The result is a delight. On one level, it's the story of how a "6-foot-2-inch, 36-year-old, rather loud and unserious Californian"—her words —discovered the fullness of life in France. On another, it recounts the making of "Julia Child," America's grande dame of French cooking. Inevitably, the stories overlap.
Alan Riding - New York Times
Famed chef Child, who died in 2004, recounts her life in France, beginning with her early days at the Cordon Bleu after WWII. Greenberg, an actress for radio and commercials, does a fine job capturing Child's joie de vivre and unmatched skill as a culinary animateur. We hear Child's delight and excitement when she discovers her calling as a writer and hands-on teacher of haute cuisine; her exasperation as yet another publishing house rejects her ever-growing monster of a manuscript; and her joy at its publication and acclaimed reception after more than a decade of work. Child's opinionated exuberance translates remarkably well to audio, from her initial Brahmin-like dismissal of the new medium of television (why would Americans want to waste a perfectly good evening staring into a box, she wondered?) and frustration at her diplomat husband being investigated in the McCarthy-driven 1950s to her ecstasy about roast chicken and mulish insistence on the one correct method to make French bread at home. The seamless abridgment has no jarring gaps or abrupt transitions to mar the listener's enjoyment. Potential listeners should beware, however: this is not a book to hear on an empty stomach.
Lovingly cumulated from letters written by Child and her diplomat husband, Paul, as well as interviews with the author in her later years, My Life in France recounts the formative years of her development into a world-renowned chef. The book captures her unique voice in its elaborate descriptions of the sights and sounds of postwar France and its sumptuous and memorable meals. The title is deceptive, however; this recollection is much more than the story of Child's years in France and her time at Le Cordon Bleu culinary school. Much of this memoir is dedicated to the years that followed, her experiences as she moved about Europe and finally settled in Cambridge, MA. One significant episode is Child's work with Simon Beck and Louisette Bertholle and their numerous failures and ultimate success at writing a French cookbook for an American audience, the critically acclaimed and classic Mastering the Art of French Cooking. Recommended for general audiobook collections. —Dawn Eckenrode, Daniel A. Reed Lib., SUNY at Fredonia
In seamlessly flowing prose, the text follows Child's growth as a cook into one of the best and most influential teachers of the twentieth century. Like Child herself, this memoir is earnest but never pedantic. Her eye for the ironic, her sense of humor, and her sharp sensitivity to the sights, sounds, smells, tastes, and colors that surround her make lucid, lively reading.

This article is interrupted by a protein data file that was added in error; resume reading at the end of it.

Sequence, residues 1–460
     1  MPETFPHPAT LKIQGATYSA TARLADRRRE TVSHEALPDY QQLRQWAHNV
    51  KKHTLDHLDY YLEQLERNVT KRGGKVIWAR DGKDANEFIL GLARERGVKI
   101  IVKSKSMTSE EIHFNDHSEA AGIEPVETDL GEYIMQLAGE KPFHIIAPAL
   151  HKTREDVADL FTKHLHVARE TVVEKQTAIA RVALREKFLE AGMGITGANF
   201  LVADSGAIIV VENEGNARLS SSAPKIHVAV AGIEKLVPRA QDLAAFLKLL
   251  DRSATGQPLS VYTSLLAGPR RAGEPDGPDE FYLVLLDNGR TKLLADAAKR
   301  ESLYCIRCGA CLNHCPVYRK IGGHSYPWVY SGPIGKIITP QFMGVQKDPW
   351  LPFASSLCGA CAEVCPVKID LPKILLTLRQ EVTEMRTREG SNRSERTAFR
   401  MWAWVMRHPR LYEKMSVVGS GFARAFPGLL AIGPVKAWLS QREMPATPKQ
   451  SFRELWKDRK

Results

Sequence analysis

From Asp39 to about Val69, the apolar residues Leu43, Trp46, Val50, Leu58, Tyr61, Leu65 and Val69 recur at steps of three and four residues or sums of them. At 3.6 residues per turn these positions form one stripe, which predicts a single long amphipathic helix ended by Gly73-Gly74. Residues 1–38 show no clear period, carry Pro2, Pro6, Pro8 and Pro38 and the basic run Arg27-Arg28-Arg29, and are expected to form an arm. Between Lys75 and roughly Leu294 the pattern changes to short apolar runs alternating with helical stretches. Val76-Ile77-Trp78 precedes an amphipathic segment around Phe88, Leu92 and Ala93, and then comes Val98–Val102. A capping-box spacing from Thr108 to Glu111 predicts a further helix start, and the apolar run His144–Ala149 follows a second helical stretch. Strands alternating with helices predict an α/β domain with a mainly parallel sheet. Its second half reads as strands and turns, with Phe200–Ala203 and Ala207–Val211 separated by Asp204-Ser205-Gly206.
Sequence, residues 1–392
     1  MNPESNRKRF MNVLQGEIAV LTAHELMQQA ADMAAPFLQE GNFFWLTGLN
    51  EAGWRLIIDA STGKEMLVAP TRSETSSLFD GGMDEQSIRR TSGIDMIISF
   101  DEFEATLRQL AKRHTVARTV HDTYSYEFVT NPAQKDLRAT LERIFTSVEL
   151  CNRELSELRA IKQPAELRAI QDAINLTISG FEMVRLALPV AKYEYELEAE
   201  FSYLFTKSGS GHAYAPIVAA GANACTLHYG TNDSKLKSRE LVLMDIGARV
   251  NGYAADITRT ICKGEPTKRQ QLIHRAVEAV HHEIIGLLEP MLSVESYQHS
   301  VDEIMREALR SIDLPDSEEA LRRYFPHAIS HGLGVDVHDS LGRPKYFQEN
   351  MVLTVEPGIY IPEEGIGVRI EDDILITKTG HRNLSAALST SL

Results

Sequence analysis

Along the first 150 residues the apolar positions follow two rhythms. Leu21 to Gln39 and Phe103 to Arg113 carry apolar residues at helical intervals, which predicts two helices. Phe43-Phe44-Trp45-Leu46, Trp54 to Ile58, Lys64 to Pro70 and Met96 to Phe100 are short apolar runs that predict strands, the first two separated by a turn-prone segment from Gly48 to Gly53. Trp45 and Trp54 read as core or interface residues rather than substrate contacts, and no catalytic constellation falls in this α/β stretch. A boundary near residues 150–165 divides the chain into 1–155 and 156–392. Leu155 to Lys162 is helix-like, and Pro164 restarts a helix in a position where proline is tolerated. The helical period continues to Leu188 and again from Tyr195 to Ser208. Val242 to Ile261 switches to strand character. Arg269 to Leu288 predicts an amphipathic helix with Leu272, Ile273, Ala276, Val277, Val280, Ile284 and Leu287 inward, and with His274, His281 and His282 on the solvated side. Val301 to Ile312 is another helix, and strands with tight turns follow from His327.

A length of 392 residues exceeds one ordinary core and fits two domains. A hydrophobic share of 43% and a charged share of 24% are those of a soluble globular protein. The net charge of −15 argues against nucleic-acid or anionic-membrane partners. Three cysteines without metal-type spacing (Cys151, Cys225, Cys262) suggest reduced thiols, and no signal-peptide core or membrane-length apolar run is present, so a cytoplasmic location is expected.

"Ooh, those lovely roasted, buttery French chickens, they were so good and chickeny!" Anyone who remembers the iconic, deceased Julia Child (1912-2004)—or perhaps Dan Aykroyd's affectionate imitation of her—will recognize the singular voice. It's employed in this memoir to full advantage, and to the reader's great pleasure. As relative and writer Prud'homme recalls, at the end of her long life, Child was busily recording her years as a budding chef. In 1948, newly wed, she moved to Paris with her diplomat husband Paul, whom she had met while on wartime duty for the OSS (now there would be a story) in Asia. The first meal she cooked for him, she recalls, was "a disaster," and she arrived in France "a six-foot-two-inch, thirty-six-year-old, rather loud and unserious Californian," but in every aspect of her life, she was determined to do better. With self-effacing humor, Child recalls her efforts at learning French, finding an apartment and coping with life in a different culture. No matter how embarrassing or baffling the course of her learning curve, Child's francophilia and zest for life shine through, and nowhere more than in the pages devoted to her sentimental education at the Cordon Bleu, the world-renowned culinary institute, in whose cramped basement she "learned how to glaze carrots and onions at the same time as roasting a pigeon, and how to use the concentrated vegetable juices to fortify the pigeon flavor, and vice versa," among other talents. Matching her growing skills with a formidable armada of kitchen gadgets that will make cookery-loving readers swoon, she then recounts the difficult conception and extremely difficult birth of her book Mastering the Art of French Cooking,which brought her fame. Charming, idiosyncratic and much fun—just like its author, who is very much alive in these pages. A blessing for lovers of France, food and fine writing.
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